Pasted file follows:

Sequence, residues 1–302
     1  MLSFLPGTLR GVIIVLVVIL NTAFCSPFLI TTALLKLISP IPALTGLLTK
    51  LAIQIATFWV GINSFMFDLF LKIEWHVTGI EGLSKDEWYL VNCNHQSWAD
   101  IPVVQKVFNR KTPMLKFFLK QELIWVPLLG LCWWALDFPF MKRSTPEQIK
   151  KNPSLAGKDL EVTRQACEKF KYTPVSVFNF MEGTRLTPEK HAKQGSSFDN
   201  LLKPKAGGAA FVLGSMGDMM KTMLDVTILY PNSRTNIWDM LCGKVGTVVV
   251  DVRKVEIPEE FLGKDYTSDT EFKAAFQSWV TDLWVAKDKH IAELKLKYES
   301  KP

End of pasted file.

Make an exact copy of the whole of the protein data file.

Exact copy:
Sequence, residues 1–302
     1  MLSFLPGTLR GVIIVLVVIL NTAFCSPFLI TTALLKLISP IPALTGLLTK
    51  LAIQIATFWV GINSFMFDLF LKIEWHVTGI EGLSKDEWYL VNCNHQSWAD
   101  IPVVQKVFNR KTPMLKFFLK QELIWVPLLG LCWWALDFPF MKRSTPEQIK
   151  KNPSLAGKDL EVTRQACEKF KYTPVSVFNF MEGTRLTPEK HAKQGSSFDN
   201  LLKPKAGGAA FVLGSMGDMM KTMLDVTILY PNSRTNIWDM LCGKVGTVVV
   251  DVRKVEIPEE FLGKDYTSDT EFKAAFQSWV TDLWVAKDKH IAELKLKYES
   301  KP